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William Rodriguez and the Key to 9/11

By Peter Zaza  Posted by Dana Gabriel (about the submitter)       (Page 1 of 2 pages)     Permalink    (# of views)   1 comment

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"First Man In" for Truth Myself and 100 other people had the good fortune to see William Rodriguez speak in Nanaimo, BC on Sept 17th, 2007. There are many things quite remarkable about this man, his rare sense of integrity being chief among them. I had heard him before on a radio show, it was a fascinating interview where he went into some detail about his youth, his career in magic, and just some of the noteworthy people he has been associated with throughout his extraordinary life so far. Working at the World Trade Center for 20 years, he was one of a small group of people who possessed a master key to the building. That fact, along with his intimate knowledge of this huge complex, permitted firefighters easier access, and therefore more people could be saved. Rodriguez is a humble man who makes references to the fact that he is just a janitor, but in truth, he is a powerful individual with an amazing story to tell. Through his experiences we see revealed a man who possesses incredible loyalty, uncommon bravery, and the strength of his convictions concerning truth and justice.

"Strength is Happiness. Strength is itself victory. In weakness and cowardice there is no happiness. When you wage a struggle, you might win or you might lose. But regardless of the short-term outcome, the very fact of your continuing to struggle is proof of your victory as a human being." - Daisaku Ikeda

More than 2 hours sped by all too fast as we heard his first person account of events that occurred at the World Trade Center on 9/11. I was surprised to hear him tell of the many instances where he kept going back into the building to rescue strangers and try and save his friends. Not surprising is the fact that all of his testimony about the bombs going off before the planes hit was omitted from the official 9/11 Commission Report - as a matter of fact there is no mention of William Rodriguez at all, or the many others who would have to be considered prime witnesses in any real investigation.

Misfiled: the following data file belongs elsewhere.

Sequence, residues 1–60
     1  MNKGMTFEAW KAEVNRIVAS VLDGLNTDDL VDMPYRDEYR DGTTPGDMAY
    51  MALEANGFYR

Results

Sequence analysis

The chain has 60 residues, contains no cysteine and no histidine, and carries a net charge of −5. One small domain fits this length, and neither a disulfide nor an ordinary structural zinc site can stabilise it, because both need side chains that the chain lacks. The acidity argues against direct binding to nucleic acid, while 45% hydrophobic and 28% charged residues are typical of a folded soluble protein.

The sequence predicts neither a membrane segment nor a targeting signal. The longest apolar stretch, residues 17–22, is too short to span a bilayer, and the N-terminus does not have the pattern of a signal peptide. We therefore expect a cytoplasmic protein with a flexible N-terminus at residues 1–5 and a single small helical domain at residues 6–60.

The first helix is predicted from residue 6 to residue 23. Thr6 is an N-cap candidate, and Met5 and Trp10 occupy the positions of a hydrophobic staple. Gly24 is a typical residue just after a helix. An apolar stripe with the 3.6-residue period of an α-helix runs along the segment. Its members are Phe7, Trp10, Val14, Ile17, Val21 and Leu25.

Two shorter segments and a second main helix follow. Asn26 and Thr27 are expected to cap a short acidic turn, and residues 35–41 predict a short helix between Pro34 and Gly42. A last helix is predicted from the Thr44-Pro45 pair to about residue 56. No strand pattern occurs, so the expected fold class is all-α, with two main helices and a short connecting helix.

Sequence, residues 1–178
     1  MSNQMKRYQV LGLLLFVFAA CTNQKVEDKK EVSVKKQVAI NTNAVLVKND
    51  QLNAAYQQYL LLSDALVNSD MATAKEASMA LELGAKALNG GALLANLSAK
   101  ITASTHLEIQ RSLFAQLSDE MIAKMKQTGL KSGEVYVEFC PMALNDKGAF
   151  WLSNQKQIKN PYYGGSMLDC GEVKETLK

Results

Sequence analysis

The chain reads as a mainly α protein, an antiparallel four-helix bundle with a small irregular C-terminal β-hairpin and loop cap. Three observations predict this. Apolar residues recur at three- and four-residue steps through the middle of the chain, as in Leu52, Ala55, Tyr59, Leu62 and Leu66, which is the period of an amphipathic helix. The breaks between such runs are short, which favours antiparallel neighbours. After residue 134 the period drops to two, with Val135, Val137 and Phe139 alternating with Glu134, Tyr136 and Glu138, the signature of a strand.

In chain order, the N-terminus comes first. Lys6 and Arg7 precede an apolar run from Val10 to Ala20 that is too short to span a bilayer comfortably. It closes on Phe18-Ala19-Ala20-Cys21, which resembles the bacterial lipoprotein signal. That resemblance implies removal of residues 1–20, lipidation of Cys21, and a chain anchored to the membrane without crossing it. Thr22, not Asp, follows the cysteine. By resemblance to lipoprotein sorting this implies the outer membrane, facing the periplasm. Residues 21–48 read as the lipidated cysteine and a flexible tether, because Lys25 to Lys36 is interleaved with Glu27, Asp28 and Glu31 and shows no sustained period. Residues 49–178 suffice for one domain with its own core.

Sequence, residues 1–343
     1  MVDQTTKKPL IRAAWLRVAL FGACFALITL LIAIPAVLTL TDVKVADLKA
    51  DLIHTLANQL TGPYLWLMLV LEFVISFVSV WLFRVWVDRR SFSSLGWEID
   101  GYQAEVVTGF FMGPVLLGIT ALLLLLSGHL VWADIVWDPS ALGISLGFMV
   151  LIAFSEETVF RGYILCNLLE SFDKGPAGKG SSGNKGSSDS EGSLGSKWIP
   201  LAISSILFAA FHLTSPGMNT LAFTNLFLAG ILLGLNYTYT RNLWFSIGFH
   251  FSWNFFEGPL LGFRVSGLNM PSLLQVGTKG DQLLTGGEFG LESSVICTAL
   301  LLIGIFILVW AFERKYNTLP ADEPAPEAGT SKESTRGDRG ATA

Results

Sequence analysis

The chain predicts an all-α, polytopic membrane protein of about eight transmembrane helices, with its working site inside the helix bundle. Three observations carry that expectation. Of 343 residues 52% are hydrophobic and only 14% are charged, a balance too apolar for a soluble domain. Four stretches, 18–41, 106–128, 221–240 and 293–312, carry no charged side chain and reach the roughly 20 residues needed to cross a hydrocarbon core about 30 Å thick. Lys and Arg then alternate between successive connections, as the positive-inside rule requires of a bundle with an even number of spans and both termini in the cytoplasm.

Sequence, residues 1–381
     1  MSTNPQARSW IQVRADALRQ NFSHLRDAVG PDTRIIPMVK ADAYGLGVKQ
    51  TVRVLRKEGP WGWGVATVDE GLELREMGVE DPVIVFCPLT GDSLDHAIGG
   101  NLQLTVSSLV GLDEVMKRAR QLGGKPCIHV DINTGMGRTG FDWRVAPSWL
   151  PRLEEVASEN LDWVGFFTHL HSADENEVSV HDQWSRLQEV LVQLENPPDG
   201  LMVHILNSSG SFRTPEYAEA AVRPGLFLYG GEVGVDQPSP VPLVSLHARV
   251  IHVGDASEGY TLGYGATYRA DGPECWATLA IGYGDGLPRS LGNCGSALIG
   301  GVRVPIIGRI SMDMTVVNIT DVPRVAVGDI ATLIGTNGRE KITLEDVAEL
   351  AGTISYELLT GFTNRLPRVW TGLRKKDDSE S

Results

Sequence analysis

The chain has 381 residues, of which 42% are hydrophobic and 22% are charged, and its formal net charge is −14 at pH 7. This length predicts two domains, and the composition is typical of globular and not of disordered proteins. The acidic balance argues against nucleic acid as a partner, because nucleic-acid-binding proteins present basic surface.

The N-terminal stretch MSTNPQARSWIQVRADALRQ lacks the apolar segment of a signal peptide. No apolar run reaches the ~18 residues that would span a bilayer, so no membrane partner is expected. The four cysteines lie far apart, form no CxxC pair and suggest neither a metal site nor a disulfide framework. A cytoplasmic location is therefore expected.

At one point in his presentation he talks about a specific moment where he asks God for help. William tells us that he was not much of a believer before this moment, but as he was sure that he was going to die just then, he cried out for divine assistance. There were three instances during his lecture where I was literally moved to tears - this was one such moment. Rodriguez has an uncanny ability to engage an audience with his story, it feels as if he is speaking to you directly, and you can feel the pain he still experiences when he closes his eyes and falls silent while describing the 200 friends he lost that day, or the exasperation and hopelessness he felt while trying to save people amid this scenario of confusion and devastation. At that moment when he describes turning toward God for help, I'm reminded of another time in my own life when I turned away.